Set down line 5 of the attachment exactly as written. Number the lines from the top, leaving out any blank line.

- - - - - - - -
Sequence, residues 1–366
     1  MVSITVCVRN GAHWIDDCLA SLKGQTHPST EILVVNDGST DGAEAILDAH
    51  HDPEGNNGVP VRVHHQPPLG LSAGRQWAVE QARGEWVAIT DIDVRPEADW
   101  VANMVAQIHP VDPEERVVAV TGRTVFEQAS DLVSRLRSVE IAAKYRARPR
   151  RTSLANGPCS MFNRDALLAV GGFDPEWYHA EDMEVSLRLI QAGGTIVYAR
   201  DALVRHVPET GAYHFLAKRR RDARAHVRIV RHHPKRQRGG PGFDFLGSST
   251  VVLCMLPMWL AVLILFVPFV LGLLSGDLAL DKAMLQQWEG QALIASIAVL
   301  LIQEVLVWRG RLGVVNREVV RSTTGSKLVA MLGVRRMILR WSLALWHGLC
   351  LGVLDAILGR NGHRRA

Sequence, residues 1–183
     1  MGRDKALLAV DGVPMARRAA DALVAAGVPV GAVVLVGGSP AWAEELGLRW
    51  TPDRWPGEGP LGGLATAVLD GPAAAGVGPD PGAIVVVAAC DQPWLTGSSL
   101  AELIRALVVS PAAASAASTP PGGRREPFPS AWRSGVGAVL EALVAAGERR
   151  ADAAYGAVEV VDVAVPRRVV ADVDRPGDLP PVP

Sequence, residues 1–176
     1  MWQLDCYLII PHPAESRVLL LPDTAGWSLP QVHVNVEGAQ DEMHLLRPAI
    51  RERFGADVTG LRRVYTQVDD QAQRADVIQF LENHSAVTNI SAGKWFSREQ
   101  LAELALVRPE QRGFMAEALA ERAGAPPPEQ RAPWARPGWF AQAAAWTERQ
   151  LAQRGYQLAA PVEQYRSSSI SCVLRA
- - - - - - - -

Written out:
   151  RTSLANGPCS MFNRDALLAV GGFDPEWYHA EDMEVSLRLI QAGGTIVYAR